Trend Micro researchers spotted more than 800 Android applications available on the Google Play Store embedded with the software development kit (SDK) of the information-stealing ad library dubbed “Xavier.”
The Trojan is designed to steal and leak a user’s information silently and so far has been downloaded millions of times, according to a 13 June blog post. So far, approximately 75 apps have since removed the Trojan from their code.
The majority of downloads came from countries in Southeast Asia such as Vietnam (23.27 percent), the Philippines (19.14 percent), and Indonesia (8.23 percent), with fewer downloads from the US and Europe.
Unique features of the Trojan include its embedded malicious behaviour that downloads codes from a remote server and the great lengths to it goes to protect itself from being detected through the use of methods such as String encryption, internet data encryption, and emulator detection, researchers said in the post.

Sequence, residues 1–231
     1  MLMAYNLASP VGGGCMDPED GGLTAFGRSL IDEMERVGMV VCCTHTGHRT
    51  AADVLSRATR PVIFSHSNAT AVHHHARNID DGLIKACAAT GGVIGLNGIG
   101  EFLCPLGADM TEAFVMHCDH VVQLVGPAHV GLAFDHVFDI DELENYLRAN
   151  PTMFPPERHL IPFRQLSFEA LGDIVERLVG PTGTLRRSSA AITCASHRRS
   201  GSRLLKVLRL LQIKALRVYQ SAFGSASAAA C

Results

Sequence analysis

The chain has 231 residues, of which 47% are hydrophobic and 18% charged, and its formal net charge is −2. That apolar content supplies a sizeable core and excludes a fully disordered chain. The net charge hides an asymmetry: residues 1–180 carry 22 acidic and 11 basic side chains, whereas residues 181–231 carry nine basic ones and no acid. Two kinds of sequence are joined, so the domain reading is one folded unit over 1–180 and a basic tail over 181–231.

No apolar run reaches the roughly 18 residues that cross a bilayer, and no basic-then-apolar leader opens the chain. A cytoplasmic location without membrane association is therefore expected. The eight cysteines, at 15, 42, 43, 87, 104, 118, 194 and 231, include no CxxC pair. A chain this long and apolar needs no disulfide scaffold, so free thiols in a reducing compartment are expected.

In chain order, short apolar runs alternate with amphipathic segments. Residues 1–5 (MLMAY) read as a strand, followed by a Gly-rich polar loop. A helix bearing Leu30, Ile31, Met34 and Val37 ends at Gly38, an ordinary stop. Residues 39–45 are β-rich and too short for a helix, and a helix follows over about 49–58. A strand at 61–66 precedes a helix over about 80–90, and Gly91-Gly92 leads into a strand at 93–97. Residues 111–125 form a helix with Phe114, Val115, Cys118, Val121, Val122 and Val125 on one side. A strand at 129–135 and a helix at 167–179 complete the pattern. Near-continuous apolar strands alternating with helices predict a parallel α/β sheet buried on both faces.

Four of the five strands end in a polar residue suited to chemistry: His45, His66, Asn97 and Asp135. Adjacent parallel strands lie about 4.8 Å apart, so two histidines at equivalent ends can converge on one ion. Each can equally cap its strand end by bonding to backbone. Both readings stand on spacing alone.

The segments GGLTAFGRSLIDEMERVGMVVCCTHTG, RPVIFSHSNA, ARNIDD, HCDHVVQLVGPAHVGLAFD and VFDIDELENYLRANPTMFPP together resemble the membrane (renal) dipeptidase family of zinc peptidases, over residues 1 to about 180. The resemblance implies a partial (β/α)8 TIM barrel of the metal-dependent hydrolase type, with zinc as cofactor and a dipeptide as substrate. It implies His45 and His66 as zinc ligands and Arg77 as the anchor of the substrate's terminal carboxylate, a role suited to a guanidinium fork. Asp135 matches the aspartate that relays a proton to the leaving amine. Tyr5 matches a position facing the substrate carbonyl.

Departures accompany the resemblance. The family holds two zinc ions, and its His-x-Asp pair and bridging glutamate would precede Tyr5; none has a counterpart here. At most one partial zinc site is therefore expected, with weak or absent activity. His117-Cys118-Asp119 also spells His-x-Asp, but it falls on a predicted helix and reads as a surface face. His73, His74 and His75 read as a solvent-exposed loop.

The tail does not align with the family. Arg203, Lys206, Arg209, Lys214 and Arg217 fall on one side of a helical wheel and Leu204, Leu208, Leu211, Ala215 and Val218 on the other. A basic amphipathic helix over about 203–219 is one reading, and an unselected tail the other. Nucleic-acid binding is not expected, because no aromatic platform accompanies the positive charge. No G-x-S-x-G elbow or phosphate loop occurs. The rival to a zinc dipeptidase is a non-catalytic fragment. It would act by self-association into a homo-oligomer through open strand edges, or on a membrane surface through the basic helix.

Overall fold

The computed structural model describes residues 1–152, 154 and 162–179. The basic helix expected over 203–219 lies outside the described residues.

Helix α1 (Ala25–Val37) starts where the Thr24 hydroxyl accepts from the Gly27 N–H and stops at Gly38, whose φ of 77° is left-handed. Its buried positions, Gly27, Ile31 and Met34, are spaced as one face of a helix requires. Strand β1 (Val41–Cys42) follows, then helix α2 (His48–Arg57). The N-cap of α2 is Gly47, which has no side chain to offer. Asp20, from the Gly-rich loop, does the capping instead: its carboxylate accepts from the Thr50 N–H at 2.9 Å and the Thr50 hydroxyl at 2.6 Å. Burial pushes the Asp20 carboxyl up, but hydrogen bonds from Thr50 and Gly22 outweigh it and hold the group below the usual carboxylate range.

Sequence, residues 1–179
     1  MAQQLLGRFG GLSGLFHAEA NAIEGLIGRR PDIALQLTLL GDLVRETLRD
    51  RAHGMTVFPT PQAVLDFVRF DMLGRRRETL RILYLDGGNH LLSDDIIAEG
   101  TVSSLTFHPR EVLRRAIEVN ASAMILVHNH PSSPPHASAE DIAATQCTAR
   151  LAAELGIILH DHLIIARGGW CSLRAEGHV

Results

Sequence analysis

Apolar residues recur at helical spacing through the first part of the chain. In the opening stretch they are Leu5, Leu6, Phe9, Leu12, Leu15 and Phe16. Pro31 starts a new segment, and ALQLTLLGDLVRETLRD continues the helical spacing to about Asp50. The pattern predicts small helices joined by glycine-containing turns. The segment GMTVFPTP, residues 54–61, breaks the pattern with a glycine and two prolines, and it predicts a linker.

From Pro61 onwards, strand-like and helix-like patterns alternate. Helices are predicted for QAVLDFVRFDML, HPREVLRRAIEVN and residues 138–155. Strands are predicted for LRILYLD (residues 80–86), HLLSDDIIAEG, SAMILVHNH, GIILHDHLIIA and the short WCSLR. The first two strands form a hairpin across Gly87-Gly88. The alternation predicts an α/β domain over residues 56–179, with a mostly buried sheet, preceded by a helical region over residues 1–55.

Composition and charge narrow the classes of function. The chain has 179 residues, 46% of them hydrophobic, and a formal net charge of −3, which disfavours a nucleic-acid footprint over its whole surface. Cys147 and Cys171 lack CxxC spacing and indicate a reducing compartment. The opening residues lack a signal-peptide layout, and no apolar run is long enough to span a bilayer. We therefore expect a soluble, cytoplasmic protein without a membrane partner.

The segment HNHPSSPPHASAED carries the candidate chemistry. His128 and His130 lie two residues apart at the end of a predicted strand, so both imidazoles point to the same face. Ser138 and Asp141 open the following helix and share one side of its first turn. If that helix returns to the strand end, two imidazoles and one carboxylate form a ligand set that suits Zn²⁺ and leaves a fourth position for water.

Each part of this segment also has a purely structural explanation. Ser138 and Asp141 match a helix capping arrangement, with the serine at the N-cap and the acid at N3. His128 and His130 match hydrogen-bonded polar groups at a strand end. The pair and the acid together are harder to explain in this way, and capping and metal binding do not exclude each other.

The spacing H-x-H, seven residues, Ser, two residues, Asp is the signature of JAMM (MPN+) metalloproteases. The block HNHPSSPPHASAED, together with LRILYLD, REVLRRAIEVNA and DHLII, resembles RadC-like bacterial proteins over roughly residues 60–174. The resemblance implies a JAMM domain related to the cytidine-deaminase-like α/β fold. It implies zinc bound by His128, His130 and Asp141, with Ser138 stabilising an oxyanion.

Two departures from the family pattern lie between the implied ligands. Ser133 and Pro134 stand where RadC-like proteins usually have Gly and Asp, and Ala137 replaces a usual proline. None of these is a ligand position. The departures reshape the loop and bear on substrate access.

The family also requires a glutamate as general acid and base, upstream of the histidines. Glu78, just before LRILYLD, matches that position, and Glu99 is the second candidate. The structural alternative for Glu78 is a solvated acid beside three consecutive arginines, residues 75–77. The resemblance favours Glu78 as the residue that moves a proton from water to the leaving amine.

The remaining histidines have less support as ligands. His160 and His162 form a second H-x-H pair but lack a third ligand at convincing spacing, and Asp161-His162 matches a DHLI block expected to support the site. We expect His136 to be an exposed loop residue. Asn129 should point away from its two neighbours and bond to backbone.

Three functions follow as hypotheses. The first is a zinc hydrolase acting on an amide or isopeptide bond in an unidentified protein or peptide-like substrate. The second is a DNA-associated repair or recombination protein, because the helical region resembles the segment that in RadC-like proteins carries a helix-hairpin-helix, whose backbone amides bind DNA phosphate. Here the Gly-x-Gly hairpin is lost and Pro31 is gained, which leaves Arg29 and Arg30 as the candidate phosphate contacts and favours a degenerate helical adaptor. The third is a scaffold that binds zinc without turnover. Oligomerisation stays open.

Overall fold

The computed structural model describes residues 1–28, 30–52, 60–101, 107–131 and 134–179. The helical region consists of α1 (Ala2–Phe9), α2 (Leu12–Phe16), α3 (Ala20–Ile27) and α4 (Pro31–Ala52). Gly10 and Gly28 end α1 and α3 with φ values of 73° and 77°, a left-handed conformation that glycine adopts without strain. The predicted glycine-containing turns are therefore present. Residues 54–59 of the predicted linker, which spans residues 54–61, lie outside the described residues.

Xavier is difficult to detect because of a self-protect mechanism that allows it to escape both static and dynamic analysis and also uses encryption, internet data encryption, and emulator detection. The Trojan also has the ability to download and execute other malicious codes making it even more dangerous.
The malware family has been around for more than two years and is a member of the AdDown family. The latest version has since evolved to use a more timed code structure, remove APK installation, remove root check, encryption data with TEA, and an added mechanism to escape dynamic detection.
Researchers said the best way to avoid infection of malware hiding in trusted sources, such as Google Play, is to pay attention to the reviews and not download or install applications from unknown sources.
This article originally appeared at scmagazineuk.com